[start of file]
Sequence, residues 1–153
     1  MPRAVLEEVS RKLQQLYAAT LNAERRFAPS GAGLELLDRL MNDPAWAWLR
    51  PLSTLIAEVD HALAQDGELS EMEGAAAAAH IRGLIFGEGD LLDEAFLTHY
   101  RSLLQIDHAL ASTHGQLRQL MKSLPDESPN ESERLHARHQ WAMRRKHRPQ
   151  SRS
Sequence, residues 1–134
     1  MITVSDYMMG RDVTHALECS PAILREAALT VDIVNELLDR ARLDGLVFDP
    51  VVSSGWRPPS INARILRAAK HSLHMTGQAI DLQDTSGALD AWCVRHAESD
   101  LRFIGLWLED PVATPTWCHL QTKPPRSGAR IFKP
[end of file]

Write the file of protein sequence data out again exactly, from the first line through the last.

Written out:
Sequence, residues 1–153
     1  MPRAVLEEVS RKLQQLYAAT LNAERRFAPS GAGLELLDRL MNDPAWAWLR
    51  PLSTLIAEVD HALAQDGELS EMEGAAAAAH IRGLIFGEGD LLDEAFLTHY
   101  RSLLQIDHAL ASTHGQLRQL MKSLPDESPN ESERLHARHQ WAMRRKHRPQ
   151  SRS
Sequence, residues 1–134
     1  MITVSDYMMG RDVTHALECS PAILREAALT VDIVNELLDR ARLDGLVFDP
    51  VVSSGWRPPS INARILRAAK HSLHMTGQAI DLQDTSGALD AWCVRHAESD
   101  LRFIGLWLED PVATPTWCHL QTKPPRSGAR IFKP